Dakin has also worked with the office of Sen. Dianne Feinstein (D-Calif.) to introduce the Robocall Privacy Act, a perennial bill designed to set some limits on political robocalls. It has yet to pass, and Dakin isn’t holding his breath.
“Politicians just want no shackles when it comes to winning campaigns,” he said.
Congress and the courts are unlikely to impose any restrictions either, given the value they place on free political speech. And though there’s little evidence that robocalls have any effect on voters, they remain a cheap and popular tool in elections — one that is likely to be used in many battleground states in the next year.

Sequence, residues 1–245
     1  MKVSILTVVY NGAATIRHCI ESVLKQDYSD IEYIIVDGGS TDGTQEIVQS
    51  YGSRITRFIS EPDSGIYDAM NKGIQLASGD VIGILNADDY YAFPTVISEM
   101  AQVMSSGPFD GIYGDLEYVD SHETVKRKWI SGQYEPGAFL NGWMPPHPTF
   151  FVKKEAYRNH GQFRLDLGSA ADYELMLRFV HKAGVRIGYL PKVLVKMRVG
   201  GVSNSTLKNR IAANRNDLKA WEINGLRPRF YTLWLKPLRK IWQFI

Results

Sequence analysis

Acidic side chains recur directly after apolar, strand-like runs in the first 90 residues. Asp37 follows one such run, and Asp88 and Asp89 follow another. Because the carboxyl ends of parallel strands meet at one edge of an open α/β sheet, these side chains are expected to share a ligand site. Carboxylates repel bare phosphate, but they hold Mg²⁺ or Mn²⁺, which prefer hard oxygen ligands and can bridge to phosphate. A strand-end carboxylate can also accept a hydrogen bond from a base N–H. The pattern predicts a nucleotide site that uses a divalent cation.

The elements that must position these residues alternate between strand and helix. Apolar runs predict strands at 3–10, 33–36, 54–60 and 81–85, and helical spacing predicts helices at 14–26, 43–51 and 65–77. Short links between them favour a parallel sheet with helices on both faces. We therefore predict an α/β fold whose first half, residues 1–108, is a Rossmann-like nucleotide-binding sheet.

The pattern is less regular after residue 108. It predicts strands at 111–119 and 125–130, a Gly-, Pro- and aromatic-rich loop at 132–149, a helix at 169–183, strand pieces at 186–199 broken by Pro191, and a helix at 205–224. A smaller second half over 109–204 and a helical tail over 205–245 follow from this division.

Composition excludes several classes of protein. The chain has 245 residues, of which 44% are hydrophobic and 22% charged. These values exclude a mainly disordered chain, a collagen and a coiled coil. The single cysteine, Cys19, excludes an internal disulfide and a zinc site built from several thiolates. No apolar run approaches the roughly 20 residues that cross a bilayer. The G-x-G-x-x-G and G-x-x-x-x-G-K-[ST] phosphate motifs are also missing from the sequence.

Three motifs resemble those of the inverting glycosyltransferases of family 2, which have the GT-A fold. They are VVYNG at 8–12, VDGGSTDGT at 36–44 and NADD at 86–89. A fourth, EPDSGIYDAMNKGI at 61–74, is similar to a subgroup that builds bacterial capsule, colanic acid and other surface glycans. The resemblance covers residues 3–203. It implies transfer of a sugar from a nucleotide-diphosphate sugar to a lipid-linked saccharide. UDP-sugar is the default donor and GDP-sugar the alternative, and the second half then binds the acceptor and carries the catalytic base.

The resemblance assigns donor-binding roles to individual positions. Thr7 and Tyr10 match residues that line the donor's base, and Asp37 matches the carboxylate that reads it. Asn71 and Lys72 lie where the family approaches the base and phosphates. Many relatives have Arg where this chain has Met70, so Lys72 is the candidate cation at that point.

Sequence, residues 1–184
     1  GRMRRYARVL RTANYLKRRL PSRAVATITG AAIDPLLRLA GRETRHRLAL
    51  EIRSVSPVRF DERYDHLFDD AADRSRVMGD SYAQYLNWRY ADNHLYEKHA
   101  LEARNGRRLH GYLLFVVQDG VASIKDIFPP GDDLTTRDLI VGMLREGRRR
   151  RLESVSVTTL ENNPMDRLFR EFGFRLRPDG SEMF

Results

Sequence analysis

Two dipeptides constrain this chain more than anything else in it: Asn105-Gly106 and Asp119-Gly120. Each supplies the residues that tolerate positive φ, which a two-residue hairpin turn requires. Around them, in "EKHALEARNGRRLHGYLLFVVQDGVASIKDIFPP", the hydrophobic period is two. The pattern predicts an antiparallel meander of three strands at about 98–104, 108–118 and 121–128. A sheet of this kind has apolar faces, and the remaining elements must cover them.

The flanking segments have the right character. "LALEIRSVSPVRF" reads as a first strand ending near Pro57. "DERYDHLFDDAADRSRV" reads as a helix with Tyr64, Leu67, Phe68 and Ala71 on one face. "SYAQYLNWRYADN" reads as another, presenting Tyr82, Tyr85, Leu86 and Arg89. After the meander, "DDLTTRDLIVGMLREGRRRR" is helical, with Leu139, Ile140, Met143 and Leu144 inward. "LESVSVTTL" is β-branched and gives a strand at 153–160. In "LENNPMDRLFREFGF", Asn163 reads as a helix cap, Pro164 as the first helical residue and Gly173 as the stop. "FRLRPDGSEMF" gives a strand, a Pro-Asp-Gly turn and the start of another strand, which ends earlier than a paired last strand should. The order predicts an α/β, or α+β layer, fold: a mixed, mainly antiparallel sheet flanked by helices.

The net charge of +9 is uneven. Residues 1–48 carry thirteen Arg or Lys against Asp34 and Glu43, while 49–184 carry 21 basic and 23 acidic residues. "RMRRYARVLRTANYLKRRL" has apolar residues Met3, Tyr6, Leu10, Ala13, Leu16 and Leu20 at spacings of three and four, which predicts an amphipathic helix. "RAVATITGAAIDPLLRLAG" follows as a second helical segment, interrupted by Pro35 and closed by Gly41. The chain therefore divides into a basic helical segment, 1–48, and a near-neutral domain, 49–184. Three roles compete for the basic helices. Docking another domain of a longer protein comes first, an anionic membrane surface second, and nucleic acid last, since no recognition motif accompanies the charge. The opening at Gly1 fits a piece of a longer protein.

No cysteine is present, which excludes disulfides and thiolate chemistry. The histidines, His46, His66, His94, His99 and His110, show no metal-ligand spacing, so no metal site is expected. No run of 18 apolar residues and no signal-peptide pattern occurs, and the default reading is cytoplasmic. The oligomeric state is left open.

But this time, it won’t just be the politicians recording them. As Titus put it, “I figure since they like robocalls so much, they wouldn’t mind getting one from me.”
Rep. Eric Swalwell, D-Calif., walks on Broadway after a Future Forum with young entrepreneurs in the Flatiron District of New York City, April 16, 2015. Reps. Steve Israel, D-N.Y., Seth Moulton, D-Mass., and Grace Meng, D-N.Y., also attended.